Friday, October 26, 2007

Kinda relevant to my last post about Facebook

So what happens when the dominant culture starts to usurp the tools of the original culture and make it it's own? Example: Blackberry for Facebook (though I know this is really an attempt by RIM to get younger people to use BB's for personal use rather than an attempt to get corporations to adopt Facebook). That's what's happening to Facebook, but what doesn't seem to be happening to MySpace. What does that mean for Facebook vs. MySpace? Here's a quote from a danah boyd academic paper just published about her experience getting into the teen world of MySpace.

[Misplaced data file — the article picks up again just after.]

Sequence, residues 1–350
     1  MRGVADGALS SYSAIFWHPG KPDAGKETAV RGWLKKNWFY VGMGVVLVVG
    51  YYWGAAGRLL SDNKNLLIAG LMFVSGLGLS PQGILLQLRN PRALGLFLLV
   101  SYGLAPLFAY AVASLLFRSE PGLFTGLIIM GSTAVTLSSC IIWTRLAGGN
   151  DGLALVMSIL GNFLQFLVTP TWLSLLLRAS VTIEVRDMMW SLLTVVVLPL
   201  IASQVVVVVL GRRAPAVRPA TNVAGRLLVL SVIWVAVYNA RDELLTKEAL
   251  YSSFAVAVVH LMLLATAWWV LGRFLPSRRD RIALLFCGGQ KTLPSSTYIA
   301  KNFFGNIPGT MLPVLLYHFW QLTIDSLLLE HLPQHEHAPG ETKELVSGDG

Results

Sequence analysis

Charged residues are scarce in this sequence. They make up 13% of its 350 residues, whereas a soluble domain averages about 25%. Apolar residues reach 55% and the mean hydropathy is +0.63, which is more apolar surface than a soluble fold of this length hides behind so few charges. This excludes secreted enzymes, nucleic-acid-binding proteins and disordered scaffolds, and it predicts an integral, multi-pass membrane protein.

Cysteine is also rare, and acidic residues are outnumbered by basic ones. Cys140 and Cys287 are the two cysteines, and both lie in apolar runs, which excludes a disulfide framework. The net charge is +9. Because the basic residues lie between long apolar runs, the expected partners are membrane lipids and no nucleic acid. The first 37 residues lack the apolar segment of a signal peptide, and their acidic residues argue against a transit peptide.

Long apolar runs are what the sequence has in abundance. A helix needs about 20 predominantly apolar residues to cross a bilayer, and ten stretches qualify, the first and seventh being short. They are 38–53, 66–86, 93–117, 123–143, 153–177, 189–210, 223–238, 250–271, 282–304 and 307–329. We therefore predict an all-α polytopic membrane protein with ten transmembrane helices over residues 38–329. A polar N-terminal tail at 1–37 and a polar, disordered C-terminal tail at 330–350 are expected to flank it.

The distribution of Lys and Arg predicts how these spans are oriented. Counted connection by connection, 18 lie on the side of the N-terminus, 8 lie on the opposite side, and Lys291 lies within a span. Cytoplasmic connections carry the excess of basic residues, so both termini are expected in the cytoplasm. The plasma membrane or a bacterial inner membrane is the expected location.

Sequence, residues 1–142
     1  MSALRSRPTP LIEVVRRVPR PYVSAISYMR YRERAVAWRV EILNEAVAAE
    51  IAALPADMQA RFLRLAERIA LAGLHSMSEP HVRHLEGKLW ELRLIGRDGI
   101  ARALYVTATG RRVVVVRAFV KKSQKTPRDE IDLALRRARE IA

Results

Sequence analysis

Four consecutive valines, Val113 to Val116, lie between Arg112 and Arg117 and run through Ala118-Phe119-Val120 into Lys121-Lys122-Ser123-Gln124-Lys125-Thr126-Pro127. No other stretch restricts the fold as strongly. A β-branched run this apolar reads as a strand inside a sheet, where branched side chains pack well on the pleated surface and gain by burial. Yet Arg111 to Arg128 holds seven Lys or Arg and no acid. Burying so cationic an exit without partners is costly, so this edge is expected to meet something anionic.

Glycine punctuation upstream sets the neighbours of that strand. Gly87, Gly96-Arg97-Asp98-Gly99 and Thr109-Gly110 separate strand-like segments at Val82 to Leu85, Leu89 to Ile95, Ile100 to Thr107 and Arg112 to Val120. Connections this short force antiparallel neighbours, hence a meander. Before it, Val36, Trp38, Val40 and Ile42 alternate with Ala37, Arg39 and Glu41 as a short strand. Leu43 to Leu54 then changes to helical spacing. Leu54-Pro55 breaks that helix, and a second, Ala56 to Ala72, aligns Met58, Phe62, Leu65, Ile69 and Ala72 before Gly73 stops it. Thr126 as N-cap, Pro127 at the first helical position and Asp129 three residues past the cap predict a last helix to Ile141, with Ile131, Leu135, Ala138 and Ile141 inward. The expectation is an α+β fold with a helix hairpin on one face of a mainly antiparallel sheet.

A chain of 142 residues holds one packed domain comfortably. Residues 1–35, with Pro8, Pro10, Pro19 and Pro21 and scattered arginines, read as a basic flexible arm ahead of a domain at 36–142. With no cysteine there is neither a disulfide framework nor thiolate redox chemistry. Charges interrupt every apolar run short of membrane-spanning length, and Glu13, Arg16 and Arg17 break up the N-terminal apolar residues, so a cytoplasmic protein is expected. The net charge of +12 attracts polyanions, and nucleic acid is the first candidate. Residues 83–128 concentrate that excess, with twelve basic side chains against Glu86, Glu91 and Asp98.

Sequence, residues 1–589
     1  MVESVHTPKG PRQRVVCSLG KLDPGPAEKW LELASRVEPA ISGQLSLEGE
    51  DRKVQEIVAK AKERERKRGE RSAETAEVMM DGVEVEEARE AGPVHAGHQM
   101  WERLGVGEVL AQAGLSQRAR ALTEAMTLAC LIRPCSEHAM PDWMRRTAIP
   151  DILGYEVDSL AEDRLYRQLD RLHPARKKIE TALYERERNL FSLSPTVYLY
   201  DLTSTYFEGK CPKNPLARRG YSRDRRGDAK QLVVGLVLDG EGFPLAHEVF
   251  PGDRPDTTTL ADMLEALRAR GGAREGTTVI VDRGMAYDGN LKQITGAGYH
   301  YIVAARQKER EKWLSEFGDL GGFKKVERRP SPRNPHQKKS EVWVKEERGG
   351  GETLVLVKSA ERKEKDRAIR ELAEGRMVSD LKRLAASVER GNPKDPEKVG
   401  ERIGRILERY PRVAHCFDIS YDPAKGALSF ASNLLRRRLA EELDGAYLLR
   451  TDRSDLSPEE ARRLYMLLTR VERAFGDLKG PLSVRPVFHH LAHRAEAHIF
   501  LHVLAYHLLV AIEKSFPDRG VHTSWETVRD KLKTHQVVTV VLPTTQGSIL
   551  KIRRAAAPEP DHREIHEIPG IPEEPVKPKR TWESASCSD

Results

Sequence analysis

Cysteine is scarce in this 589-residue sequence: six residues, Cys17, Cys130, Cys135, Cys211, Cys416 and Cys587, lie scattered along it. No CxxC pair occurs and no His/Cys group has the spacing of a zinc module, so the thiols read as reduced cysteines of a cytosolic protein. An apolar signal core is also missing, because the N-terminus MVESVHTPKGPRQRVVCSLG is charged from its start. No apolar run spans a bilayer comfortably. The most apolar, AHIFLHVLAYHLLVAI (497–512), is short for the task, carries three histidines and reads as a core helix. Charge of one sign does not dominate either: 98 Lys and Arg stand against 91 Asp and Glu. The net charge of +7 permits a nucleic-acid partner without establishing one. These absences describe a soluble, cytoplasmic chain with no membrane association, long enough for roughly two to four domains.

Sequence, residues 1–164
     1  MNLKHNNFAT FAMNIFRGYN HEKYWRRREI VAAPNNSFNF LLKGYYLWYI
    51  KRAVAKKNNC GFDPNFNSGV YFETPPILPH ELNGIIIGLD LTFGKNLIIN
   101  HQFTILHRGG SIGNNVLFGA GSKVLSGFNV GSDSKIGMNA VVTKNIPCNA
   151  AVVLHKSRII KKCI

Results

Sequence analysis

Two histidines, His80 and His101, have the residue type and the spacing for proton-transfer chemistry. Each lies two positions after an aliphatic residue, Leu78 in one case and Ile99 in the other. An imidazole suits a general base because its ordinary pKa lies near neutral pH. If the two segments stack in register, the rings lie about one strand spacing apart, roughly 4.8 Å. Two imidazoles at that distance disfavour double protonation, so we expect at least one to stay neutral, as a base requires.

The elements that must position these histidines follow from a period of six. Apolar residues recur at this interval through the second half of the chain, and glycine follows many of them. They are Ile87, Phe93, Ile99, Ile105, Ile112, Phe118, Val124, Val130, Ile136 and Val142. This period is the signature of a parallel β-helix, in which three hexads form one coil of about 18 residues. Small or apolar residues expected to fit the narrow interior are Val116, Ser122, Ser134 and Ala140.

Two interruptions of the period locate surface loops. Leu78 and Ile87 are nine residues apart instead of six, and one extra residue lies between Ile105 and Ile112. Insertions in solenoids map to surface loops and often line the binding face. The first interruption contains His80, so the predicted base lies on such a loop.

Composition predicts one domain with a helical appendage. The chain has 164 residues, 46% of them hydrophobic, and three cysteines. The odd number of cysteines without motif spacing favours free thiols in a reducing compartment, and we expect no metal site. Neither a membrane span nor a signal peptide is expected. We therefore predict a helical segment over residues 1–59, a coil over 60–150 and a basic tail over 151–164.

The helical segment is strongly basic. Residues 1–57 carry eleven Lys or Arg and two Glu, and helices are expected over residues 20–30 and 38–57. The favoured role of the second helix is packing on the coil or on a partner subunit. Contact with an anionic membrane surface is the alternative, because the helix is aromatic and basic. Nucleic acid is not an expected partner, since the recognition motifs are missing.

"Going native in a networked world is extremely difficult. What makes the experiences of say teens so vibrant is cluster effects. They're using the technologies with their friends. It's not about them and the machine. It's about them and their friends interacting through the machine. One of the things that I figured out really quickly is that having a profile did me absolutely no good. I needed to have friends who would interact with me so that I would get what it was like to experience the technology as a mediating force. Thus, I have dragged my friends kicking and screaming into using these tools just so that I could get it. Using these tools in my own social framework is not the same as experiencing what teens experience, but I needed to feel the social awkwardness, the consequences of power relations, the gulp factor when a comment was taken out of context, and the uh-ohs involved in expressing information in a persistent and searchable manner in the face of broad audiences. And this required my friends to be involved." LINK
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